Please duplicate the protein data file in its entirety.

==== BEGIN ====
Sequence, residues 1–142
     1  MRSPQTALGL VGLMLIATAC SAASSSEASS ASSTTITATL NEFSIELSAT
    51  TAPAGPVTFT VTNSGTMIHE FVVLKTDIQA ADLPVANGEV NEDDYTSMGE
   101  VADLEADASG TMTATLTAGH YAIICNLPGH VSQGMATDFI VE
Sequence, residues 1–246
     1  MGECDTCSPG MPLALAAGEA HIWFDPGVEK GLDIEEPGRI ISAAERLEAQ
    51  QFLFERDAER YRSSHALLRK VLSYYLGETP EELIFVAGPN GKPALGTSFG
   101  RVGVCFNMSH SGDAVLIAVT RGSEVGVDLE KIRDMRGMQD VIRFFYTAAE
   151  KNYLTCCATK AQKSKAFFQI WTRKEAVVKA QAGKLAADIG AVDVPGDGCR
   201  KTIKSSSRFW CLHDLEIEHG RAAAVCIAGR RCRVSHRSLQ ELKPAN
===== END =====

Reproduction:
Sequence, residues 1–142
     1  MRSPQTALGL VGLMLIATAC SAASSSEASS ASSTTITATL NEFSIELSAT
    51  TAPAGPVTFT VTNSGTMIHE FVVLKTDIQA ADLPVANGEV NEDDYTSMGE
   101  VADLEADASG TMTATLTAGH YAIICNLPGH VSQGMATDFI VE
Sequence, residues 1–246
     1  MGECDTCSPG MPLALAAGEA HIWFDPGVEK GLDIEEPGRI ISAAERLEAQ
    51  QFLFERDAER YRSSHALLRK VLSYYLGETP EELIFVAGPN GKPALGTSFG
   101  RVGVCFNMSH SGDAVLIAVT RGSEVGVDLE KIRDMRGMQD VIRFFYTAAE
   151  KNYLTCCATK AQKSKAFFQI WTRKEAVVKA QAGKLAADIG AVDVPGDGCR
   201  KTIKSSSRFW CLHDLEIEHG RAAAVCIAGR RCRVSHRSLQ ELKPAN